August 5, 2019 - by

Practice Report: Oklahoma Drill Sets Tone As First Day In Pads Looms

TALLAHASSEE, Fla. – Florida State is not even a full week into its fall camp, and there are still more than three weeks until the Seminoles’ season opener against Boise State on August 31.

Still, it’s not too early for coach Willie Taggart to get a feel for how his team is coming together – particularly for his newcomers and for players in new positions.

And that feel will likely be even further solidified come Tuesday, when the Seminoles don full pads for the first time this fall.

The first day in full pads is a milestone for any football team, and Taggart, like the rest of us, is eager to see how the Seminoles respond to the increase in intensity.

“Always looking forward to full pads,” Taggart said, his voice raising a couple ticks. “That’s when, these questions y’all ask, y’all will get some good answers after that.”

Watch: Layne Herdt and Tim Linafelt discuss the first four days of fall camp

Taggart did, however, already have a few answers during a Q&A session that lasted more than 12 minutes.

Among them …

Terry on the mend, others working their way back: Much of the chatter around the first few days of camp has centered around FSU’s talented stable of second-year receivers, and for good reason. Keyshawn Helton, Warren Thompson and Tre’Shaun Harrison have all taken turns turning heads over the last few days.

But what they’ve been able to do is perhaps made that much more impressive given that Tamorrion Terry, perhaps FSU’s top threat in the passing game, has yet to even take a practice snap this fall.

Taggart announced last week that Terry would miss the start of fall camp while recovering from an injury, and on Monday said that he’s pleased with Terry’s progress in his recovery.

“I would say he’ll get back sooner rather than later,” Taggart said.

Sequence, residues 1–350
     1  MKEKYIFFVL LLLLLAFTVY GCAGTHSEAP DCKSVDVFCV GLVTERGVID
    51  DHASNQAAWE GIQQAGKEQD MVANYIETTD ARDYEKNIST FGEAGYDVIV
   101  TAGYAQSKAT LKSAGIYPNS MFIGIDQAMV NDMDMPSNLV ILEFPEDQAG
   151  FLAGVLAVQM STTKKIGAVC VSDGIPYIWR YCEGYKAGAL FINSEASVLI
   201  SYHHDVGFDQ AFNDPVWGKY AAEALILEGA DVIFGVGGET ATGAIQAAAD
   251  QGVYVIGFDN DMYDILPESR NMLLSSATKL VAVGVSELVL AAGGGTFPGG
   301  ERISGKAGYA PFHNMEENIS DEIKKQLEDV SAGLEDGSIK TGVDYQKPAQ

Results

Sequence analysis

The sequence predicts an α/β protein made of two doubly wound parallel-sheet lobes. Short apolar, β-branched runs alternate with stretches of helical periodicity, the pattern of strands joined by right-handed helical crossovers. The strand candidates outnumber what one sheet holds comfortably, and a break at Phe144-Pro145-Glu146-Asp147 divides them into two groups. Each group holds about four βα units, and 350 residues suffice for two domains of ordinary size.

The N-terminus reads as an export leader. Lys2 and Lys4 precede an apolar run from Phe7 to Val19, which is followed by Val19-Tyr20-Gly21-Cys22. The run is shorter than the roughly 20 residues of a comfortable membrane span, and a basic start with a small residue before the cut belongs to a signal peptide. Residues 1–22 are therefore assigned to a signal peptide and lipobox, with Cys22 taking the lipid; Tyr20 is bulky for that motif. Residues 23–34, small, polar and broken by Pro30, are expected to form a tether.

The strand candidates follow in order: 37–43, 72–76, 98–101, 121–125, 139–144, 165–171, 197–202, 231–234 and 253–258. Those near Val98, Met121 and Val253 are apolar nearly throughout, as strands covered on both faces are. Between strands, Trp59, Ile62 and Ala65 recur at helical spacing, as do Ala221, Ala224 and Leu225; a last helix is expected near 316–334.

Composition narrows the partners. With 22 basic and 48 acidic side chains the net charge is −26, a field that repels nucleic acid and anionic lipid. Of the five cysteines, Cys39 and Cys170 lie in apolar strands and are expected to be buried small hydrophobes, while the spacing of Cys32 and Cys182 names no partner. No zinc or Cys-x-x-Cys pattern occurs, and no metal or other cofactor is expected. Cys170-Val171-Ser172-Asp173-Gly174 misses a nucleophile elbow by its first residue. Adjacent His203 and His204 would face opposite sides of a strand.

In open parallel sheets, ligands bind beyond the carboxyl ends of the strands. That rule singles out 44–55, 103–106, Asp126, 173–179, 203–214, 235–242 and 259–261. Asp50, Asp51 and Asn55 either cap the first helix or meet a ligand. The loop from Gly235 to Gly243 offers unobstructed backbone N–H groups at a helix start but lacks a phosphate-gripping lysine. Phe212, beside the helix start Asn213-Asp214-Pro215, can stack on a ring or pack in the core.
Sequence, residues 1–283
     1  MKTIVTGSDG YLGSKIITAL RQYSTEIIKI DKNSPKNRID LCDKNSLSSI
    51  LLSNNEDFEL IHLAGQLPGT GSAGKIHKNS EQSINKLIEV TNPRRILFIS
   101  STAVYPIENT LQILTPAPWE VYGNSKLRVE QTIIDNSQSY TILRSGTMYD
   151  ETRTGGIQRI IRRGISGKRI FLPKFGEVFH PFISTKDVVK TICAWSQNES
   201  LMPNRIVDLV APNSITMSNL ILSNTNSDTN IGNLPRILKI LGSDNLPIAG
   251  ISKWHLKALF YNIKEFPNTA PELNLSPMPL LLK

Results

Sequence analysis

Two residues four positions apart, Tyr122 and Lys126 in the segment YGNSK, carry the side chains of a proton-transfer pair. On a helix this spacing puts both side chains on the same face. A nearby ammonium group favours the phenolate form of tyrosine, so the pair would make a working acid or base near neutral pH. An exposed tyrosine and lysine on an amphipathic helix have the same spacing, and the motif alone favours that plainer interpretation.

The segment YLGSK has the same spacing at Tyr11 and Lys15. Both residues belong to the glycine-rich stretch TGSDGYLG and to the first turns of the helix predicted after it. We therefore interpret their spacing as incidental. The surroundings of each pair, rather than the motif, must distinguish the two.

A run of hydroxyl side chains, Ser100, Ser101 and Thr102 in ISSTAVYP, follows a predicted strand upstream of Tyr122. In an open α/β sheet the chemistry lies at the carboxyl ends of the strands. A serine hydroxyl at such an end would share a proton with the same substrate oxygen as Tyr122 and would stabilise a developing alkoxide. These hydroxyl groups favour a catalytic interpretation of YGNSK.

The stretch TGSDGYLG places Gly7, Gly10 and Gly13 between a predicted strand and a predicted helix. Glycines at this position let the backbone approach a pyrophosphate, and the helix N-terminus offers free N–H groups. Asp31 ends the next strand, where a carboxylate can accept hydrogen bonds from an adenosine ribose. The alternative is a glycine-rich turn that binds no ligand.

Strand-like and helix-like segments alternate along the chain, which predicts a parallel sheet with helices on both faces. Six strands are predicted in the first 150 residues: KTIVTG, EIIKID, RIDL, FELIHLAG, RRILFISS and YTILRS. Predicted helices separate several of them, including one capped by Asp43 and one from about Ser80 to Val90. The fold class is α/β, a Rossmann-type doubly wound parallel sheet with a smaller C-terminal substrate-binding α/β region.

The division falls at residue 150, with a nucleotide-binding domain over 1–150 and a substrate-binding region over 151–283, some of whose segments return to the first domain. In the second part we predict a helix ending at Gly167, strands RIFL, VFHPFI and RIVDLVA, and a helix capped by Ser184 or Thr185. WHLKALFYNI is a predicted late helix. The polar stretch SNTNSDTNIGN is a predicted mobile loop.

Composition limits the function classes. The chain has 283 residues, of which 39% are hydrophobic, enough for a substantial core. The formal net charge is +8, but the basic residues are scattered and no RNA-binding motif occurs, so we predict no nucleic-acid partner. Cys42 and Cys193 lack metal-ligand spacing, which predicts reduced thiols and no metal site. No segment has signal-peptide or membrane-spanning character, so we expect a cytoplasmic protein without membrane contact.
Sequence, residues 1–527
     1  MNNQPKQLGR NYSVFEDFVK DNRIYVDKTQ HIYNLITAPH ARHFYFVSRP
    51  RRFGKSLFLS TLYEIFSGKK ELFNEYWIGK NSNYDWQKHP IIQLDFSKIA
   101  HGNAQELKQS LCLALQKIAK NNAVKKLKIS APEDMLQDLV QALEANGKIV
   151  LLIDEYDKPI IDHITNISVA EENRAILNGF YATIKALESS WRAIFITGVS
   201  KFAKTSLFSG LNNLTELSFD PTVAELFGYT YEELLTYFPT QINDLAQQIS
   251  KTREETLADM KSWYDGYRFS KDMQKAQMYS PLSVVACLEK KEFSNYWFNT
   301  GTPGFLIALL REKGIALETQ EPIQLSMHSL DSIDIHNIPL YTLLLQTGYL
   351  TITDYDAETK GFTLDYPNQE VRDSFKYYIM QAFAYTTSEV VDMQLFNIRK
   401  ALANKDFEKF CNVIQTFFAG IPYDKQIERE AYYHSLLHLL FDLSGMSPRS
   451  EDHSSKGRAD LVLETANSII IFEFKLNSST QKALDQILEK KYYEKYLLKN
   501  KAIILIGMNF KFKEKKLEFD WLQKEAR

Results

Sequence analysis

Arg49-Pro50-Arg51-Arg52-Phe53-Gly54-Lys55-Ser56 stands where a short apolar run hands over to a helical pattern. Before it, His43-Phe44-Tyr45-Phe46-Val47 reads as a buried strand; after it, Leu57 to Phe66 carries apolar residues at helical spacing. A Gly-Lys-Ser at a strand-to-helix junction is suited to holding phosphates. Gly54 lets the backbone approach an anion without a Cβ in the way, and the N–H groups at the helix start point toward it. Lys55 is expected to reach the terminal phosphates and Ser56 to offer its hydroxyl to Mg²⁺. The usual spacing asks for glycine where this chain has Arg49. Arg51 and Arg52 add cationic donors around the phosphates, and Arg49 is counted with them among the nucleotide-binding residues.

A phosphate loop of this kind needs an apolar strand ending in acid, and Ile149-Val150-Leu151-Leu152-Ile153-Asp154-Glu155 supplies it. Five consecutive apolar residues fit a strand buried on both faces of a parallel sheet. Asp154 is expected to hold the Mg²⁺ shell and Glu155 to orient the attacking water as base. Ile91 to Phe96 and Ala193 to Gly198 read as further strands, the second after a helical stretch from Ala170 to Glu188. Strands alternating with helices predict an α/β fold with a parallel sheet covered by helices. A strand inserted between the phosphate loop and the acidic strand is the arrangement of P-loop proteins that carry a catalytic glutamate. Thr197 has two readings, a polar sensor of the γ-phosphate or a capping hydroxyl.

That, of course, is good news for Florida State’s passing game. And, according to Taggart, it’s good news for Terry, who has been champing at the bit to get back on the field.

“He’s itching to get back, I can tell,” Taggart said. “He’s watching film and seeing other guys make plays, and he wants to be one of those guys, too.”

One of Terry’s fellow receivers, redshirt freshman D’Marcus Adams, is recovering after tweaking his ankle on Friday. Taggart said he hopes to have Adams back soon.

And on the other side of the ball, Taggart said that the Seminoles are being extra cautious with defensive end Joshua Kaindoh after Kaindoh tweaked his hamstring over the weekend.

Kaindoh missed practice on Sunday and Monday.

“We’re just being a little precautious,” he said, “and marking sure we’re not going to make it worse than what it is.”

Lucas makes an early impression: In the span of less than a year, Dontae Lucas has gone from prep All-American to early-enrollee at Florida State to a potential starter on the Seminoles’ offensive line.

The former four-star prospect has been on campus since January and has steadily increased his first-team reps since the start of practice on Friday.

No surprise, then, that Taggart had plenty of good things to say about Lucas, who signed with FSU out of IMG Academy in Bradenton.